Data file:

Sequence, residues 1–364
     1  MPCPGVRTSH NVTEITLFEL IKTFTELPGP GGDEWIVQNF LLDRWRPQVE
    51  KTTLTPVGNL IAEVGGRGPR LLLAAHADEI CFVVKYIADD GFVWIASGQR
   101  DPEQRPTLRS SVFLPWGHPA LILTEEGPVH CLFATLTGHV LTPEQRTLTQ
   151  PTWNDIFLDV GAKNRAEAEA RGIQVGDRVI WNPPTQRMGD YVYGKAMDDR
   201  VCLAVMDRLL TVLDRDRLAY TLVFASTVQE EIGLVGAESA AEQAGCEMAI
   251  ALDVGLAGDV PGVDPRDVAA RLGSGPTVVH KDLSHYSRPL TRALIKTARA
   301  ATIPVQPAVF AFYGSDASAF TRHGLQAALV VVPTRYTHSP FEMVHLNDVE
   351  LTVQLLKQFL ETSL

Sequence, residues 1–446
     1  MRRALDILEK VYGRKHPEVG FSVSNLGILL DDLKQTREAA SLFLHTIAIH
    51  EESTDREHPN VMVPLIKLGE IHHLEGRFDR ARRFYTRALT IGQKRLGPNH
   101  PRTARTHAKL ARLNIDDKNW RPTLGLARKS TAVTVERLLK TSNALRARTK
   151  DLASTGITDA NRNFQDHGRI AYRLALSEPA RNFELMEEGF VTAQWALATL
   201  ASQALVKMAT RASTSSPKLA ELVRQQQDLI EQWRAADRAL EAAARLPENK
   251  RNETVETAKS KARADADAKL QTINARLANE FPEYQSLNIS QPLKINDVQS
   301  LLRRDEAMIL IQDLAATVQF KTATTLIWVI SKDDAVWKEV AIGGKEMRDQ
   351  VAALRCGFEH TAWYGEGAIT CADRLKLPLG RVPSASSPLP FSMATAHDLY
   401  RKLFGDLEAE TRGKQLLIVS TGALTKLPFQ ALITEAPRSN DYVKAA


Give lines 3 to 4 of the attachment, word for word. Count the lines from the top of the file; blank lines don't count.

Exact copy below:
    51  KTTLTPVGNL IAEVGGRGPR LLLAAHADEI CFVVKYIADD GFVWIASGQR
   101  DPEQRPTLRS SVFLPWGHPA LILTEEGPVH CLFATLTGHV LTPEQRTLTQ